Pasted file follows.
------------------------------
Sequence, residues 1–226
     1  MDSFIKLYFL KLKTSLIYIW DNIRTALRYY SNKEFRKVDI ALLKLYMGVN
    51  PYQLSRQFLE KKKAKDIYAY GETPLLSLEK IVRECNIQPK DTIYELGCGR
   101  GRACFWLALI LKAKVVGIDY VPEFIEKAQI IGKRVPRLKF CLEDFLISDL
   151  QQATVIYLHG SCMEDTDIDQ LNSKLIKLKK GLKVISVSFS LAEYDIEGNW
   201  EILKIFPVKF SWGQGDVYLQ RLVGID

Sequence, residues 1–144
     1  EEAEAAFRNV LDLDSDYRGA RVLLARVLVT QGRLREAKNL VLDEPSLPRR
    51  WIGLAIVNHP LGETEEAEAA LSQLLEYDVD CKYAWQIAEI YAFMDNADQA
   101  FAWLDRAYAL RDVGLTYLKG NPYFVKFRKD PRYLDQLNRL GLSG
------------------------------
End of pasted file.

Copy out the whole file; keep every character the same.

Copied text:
Sequence, residues 1–226
     1  MDSFIKLYFL KLKTSLIYIW DNIRTALRYY SNKEFRKVDI ALLKLYMGVN
    51  PYQLSRQFLE KKKAKDIYAY GETPLLSLEK IVRECNIQPK DTIYELGCGR
   101  GRACFWLALI LKAKVVGIDY VPEFIEKAQI IGKRVPRLKF CLEDFLISDL
   151  QQATVIYLHG SCMEDTDIDQ LNSKLIKLKK GLKVISVSFS LAEYDIEGNW
   201  EILKIFPVKF SWGQGDVYLQ RLVGID

Sequence, residues 1–144
     1  EEAEAAFRNV LDLDSDYRGA RVLLARVLVT QGRLREAKNL VLDEPSLPRR
    51  WIGLAIVNHP LGETEEAEAA LSQLLEYDVD CKYAWQIAEI YAFMDNADQA
   101  FAWLDRAYAL RDVGLTYLKG NPYFVKFRKD PRYLDQLNRL GLSG